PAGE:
When you decide to be a DJ, a lot of things happen at once. First, you can no longer play a song solely for your self. You turn what used to be personal enjoyment into a grueling job, accepting money in exchange for a less dignified taste in music. It's humbling work for a music-lover, but work that may alternately indulge the ego and increase self-confidence. Of all the people in the bar, there is only one person playing the music. You. Girls flirt with you for no other reason than to hear an Usher song. They touch your arm, and you say "yes." Endorphins run wild. It's hard to fall asleep the night after a good party. But you keep the party on. You keep them thirsty.
DJs need alcohol. That is, we need people to buy drinks from the bar. Two reasons we need people to drink: dancing, and a higher payout at the end of the night. At least for rookie DJs, for most of our gigs we are paid according to a percentage of the bar sales. This is why your annoying DJ friends are always asking you to come out to their gigs on Thursday nights. They are promoters as much as they are taste-makers. And sometimes they're not even taste-makers, they just take requests for a few hours and act cool behind a laptop.
I had the opportunity to DJ at Calvin College's Festival of Faith and Music last week. I had the last slot on the schedule. After shows by Matisyahu, My Brightest Diamond, The Civil Wars and Jon Foreman, Dylan Peterson DJed on Saturday night.
On my drive up to Grand Rapids, I wondered, "what kind of kids are going to come out for this? A Saturday night, on campus, without alcohol... Am I going to bomb?" Up until this point, I had only DJed in places where the alcohol was the selling point, and not the DJ. People had fun at my gigs because they were buzzed. How will the people of "faith" react to my set?
My set started quietly, with some remixes of HEALTH by Little Loud. Only a few kids were in the space, dancing probably out of pity, or boredom. But about 15 minutes after I started a stampede of people charged in with balloons, party hats and foam glasses. They were dancing before they even knew what song was on, so I quickly threw on Gettin' Jiggy With It to see how they'd handle it. These kids moved every inch on their bodies. There wasn't even a pivot foot on the floor. It was insanity.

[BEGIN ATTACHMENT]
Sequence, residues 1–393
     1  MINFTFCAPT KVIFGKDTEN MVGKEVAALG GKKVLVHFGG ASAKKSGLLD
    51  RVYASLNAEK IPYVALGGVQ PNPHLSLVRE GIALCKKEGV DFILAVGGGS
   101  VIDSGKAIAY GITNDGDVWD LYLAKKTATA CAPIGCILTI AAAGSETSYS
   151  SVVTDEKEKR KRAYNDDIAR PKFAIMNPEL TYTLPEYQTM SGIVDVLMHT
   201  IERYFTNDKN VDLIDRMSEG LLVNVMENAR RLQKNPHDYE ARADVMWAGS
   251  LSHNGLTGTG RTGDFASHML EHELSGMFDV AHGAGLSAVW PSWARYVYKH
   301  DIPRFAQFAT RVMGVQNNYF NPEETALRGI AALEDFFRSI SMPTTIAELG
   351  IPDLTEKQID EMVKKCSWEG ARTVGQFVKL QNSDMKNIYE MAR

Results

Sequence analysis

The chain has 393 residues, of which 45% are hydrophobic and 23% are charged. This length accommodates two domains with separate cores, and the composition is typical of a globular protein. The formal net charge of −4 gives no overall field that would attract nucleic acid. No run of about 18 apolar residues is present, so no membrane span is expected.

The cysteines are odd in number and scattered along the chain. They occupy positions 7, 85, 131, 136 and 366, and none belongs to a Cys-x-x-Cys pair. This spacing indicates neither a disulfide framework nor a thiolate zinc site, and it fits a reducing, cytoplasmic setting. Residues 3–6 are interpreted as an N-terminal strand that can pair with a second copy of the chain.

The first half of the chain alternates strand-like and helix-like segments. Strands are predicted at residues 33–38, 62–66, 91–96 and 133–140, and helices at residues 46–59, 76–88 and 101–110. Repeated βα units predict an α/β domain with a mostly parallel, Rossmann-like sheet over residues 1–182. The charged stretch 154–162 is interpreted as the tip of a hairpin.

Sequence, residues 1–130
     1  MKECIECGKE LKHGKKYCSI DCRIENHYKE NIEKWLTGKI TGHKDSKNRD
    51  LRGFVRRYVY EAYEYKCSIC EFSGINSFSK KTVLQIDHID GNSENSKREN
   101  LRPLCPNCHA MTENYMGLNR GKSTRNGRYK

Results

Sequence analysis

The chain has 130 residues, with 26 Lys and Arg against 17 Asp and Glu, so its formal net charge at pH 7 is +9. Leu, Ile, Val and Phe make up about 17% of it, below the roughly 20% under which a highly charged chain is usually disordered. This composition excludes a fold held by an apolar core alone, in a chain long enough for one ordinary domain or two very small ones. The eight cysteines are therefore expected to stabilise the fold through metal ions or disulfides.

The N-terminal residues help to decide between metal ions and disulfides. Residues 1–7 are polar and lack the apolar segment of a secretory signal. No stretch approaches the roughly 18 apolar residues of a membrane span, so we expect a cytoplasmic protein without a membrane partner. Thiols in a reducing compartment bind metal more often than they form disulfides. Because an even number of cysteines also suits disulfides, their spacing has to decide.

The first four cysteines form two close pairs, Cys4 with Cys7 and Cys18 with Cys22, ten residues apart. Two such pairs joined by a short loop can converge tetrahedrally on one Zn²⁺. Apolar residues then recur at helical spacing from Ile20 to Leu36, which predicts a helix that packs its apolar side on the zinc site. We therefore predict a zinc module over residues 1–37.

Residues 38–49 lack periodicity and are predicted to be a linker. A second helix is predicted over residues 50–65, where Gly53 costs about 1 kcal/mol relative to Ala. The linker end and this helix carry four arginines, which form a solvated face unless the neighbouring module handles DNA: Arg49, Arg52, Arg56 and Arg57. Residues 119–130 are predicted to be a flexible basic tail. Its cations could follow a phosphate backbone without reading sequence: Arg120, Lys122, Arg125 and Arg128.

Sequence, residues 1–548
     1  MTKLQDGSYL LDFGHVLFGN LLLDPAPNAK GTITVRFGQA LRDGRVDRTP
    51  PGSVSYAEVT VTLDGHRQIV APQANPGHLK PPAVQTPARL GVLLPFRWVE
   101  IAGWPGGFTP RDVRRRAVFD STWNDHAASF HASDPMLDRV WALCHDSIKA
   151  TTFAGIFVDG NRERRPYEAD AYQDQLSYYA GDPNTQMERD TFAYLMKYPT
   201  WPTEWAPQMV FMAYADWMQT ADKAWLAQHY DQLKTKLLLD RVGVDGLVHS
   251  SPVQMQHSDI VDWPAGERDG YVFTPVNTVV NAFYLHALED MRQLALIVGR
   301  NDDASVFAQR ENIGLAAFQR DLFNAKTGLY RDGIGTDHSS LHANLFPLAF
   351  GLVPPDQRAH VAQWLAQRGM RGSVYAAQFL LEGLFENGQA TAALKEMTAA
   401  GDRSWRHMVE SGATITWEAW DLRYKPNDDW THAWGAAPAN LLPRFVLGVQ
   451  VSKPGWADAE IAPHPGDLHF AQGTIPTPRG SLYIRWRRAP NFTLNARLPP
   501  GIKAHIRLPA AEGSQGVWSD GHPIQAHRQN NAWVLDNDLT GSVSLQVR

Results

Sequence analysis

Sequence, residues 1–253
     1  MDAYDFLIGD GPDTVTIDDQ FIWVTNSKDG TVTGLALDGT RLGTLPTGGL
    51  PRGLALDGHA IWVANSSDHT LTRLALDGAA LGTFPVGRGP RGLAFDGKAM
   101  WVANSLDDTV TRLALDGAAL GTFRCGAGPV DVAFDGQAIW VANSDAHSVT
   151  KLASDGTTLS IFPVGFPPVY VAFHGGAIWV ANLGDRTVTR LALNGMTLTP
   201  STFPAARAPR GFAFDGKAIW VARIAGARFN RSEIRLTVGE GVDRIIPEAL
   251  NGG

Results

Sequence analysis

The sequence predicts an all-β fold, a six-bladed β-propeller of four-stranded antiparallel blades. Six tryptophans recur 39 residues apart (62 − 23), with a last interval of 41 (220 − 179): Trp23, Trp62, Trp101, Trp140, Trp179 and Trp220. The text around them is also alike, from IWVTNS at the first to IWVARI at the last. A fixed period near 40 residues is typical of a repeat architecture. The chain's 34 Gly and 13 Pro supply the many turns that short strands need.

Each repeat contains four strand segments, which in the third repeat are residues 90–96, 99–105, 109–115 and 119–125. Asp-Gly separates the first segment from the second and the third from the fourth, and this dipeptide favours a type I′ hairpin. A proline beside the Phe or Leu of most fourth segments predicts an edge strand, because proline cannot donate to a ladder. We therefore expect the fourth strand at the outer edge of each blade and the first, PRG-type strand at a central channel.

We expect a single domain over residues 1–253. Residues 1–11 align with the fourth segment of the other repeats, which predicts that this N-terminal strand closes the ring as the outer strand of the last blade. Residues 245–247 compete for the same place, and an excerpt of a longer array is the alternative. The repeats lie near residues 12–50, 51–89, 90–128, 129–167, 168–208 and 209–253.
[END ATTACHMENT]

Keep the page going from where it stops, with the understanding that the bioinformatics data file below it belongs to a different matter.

And this went on for two straight hours. Past midnight. On a Saturday night. On the campus of a Christian college.
It reminded me of an interview I did with Ratatat a few years prior. They played a show at Calvin College, and told me that the kids there were crazier than any other city in the country. They guessed that the kids must have been drinking paint thinner or something, because they never saw anything like it.
I thought the same thing last week. There was no way these kids could be dancing as hard as they were without some foreign substance inspiring their movement.
But this week I've been thinking about it, and it's starting to make sense. Even though it's liberal compared to other Christian universities, Calvin is still a Bible college. A lot of restraint is encouraged at this school, under a guise of "personal discernment." This was the school that less than a year ago, cancelled a New Pornographers concert on campus for the sole reason that the band's name wasn't savory. This school is located in Grand Rapids, Michigan, where the only real cultural attraction in the town is Rob Bell's Mars Hill church.
These kids are champagne trapped under a thumb, and I popped the cork last weekend. In Chicago where we drink every other night, there's no pressure to dance. But at Calvin College, you might hold yourself back for months until a fleeting moment actually gives you a chance to release some energy. It was a blast to be able to play music for these kids who didn't need anything other than their own excitement in order to go crazy.
However, I noticed that when they haven't had anything to drink, the girls don't flirt as hard with me. And while that's not as great for the old self-confidence, at least they dance.
Because, ultimately, being a DJ is just being a part of the crowd. If the mob demands Black Eyed Peas, they will get Black Eyed Peas. And the DJ will get retarded with them. It's a communal experience, moving around to rhythms. There's no time for taste when we're dancing. No time for discernment. It's just about movement. So whether I'm at a Christian college in Michigan or a gay bar in Chicago, we're all just having some fun.
So drink up, or not.